"Anyway, Charlie.  One day, a year and a half after we'd moved to Sonoma, Robin stood in the garden.  A few months earlier she'd been exercising and dieting.  She lost fifteen pounds.  Now it's August.  She bulges in her green bikini when she bends down and picks up a gigantic three-foot banana squash.  The dirt spills across her wrists when she hoists it to her chest and turns around, sensing me standing on the side porch.  I see her eyes then.  And I suddenly remembered them the day she came into my life.   

                "Three months later, I'm driving home and I see a blue car crushed against an oak off to my right.  They'd just repaved the road and loose gravel covered that flat stretch.  Robin is in the front seat.  Her face is cut up; her knee cut badly and she doesn't know where she is.  She spends ten days in the hospital.  One day in the hospital, she tells me she dreamed about a big man with a beard who lives up in the sky.  She smiles through the sutures in her lips and I'm so damned afraid.  I loved her so much and I felt sure she'd die.  The day I bring her home, I start yelling at her the minute we drive in the yard. .'What the hell's wrong with you?  You smashed the car up on purpose!'  

                She stands in the driveway with the cast on her left arm and the bandage around her cut right knee and eleven sutures in her lower left lip.  She's broken, blankly mystified by pain, life and my blindness as well as hers.  

                “And I saw her eyes again when she walked past me in the house one night; the familiar smell of her curly hair catching me off guard.  Her eyes darted to mine, then away and she disappeared into the bedroom.  Yes, I imagined I had taken it all, her heart, her hope, her love and finally, her sweet God.  I turned away and looked out the window to darkness, knowing the branches of the Monterey Pine I planted the year before, rose and fell in the warm spring breeze, even if I couldn't see them.   And I was already running."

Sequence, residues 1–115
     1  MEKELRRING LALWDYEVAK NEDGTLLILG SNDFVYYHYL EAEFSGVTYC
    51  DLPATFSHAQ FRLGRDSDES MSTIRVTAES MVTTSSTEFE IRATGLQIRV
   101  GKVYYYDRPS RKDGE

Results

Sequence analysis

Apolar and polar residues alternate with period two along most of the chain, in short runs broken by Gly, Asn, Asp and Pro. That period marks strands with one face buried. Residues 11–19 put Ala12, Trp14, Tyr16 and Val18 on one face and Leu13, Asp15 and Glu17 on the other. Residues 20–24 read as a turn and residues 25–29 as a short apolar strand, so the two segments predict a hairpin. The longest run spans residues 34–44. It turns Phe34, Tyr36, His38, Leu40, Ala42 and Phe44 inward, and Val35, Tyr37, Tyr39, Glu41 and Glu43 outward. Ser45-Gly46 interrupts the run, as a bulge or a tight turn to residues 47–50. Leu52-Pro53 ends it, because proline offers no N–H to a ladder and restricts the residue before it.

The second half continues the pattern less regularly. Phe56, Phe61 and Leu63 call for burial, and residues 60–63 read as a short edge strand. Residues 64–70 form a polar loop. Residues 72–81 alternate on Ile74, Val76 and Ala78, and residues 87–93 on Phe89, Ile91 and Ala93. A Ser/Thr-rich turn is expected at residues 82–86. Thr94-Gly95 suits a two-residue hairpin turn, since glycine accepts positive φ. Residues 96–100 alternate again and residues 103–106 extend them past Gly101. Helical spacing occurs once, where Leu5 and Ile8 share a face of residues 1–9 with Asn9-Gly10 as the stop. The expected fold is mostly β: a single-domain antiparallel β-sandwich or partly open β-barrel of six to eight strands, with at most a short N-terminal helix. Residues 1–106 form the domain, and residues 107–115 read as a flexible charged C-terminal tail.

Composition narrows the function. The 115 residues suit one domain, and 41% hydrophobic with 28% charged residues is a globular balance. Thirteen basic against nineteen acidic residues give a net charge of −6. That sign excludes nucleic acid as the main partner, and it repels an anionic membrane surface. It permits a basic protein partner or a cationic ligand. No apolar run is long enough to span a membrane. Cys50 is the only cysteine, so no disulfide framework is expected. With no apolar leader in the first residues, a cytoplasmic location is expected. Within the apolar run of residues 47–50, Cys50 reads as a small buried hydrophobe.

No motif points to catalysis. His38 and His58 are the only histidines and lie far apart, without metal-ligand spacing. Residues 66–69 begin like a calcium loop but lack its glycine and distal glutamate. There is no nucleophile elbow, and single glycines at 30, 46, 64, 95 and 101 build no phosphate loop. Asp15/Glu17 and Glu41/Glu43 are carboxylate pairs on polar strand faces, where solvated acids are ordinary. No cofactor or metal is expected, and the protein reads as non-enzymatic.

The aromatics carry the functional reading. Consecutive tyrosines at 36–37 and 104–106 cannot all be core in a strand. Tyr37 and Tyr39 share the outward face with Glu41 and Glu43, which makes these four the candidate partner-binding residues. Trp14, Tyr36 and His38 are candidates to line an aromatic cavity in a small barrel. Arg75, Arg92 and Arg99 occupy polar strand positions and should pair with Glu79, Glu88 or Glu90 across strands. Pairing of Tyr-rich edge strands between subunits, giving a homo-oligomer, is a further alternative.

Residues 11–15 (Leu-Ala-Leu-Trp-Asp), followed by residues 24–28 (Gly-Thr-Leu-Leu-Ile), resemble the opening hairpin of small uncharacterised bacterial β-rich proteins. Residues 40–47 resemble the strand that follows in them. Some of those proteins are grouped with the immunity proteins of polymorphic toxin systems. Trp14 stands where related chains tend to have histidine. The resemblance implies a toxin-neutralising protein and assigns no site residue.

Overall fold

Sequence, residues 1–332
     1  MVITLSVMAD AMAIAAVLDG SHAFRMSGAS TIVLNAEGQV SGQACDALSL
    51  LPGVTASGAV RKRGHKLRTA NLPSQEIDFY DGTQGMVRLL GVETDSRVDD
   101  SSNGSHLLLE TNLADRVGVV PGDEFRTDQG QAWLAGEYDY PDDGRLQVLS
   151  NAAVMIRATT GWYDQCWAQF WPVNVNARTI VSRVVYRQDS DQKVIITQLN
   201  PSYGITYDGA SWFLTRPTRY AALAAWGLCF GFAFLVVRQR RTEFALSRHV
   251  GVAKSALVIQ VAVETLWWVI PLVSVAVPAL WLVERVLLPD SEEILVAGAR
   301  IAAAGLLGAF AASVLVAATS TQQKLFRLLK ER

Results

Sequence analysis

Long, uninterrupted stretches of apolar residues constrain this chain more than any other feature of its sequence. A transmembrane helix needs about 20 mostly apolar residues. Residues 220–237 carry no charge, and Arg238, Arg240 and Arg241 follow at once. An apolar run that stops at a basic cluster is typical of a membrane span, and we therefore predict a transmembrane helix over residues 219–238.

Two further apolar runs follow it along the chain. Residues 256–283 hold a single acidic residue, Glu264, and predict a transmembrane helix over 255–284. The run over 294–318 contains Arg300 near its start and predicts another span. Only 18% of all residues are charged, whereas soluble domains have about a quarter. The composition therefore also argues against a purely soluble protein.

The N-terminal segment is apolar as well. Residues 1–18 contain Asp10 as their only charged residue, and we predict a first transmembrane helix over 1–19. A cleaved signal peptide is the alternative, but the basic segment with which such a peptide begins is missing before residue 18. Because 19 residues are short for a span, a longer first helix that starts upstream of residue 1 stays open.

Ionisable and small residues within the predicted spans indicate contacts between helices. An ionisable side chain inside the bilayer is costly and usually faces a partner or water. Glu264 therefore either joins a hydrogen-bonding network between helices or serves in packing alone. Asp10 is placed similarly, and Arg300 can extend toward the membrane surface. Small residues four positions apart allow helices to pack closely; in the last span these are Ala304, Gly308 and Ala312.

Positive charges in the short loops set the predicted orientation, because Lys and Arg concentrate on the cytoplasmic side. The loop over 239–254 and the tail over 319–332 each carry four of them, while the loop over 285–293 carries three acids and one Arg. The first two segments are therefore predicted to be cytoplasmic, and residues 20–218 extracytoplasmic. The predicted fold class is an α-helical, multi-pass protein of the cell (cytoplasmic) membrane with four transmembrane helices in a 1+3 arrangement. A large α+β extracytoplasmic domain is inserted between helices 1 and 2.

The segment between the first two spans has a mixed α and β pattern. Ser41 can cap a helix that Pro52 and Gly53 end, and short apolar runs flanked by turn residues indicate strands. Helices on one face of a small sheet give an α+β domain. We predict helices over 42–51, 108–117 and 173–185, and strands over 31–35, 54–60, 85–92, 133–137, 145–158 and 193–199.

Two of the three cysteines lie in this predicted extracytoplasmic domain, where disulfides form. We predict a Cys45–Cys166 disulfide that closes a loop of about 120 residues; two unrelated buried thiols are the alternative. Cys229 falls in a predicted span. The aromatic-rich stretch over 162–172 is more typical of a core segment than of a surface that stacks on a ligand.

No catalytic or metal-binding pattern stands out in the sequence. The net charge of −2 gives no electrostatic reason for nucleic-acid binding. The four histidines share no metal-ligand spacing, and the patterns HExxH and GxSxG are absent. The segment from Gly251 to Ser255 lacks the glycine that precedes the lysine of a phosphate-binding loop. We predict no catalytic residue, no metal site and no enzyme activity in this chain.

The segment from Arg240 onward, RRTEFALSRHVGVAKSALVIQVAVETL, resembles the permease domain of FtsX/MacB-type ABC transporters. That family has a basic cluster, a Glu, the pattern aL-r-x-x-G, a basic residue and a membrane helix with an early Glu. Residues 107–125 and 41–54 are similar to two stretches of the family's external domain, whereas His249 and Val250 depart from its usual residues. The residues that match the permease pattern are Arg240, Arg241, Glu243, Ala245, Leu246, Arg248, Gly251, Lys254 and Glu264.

Now I stare out at the topless trees where the blackbirds have perched.  The day suddenly pales to tan. 

                "What was I thinking about?" I say.

                Charlie stands by the car with the driver's door open.  He laughs like he's known me all my life.  "I don't know.  What were you thinking about?  What were any of us thinking about?"

                "It was such a beautiful duck,” I say.  "It really was.  It had a blue head and this plume that stuck out of his crown.   God you should have seen that duck."

                "Get in," Charlie says. "You'll start to think like Pop.  

                "It's incredible," I say.

                "Get in,” Charlie says. 


                1  Dugan, Alan, "Holiday, "Poems,  (1960)

                2  Vose, Julia, "CAN," Moved Out On The InsiEdit body of your story here...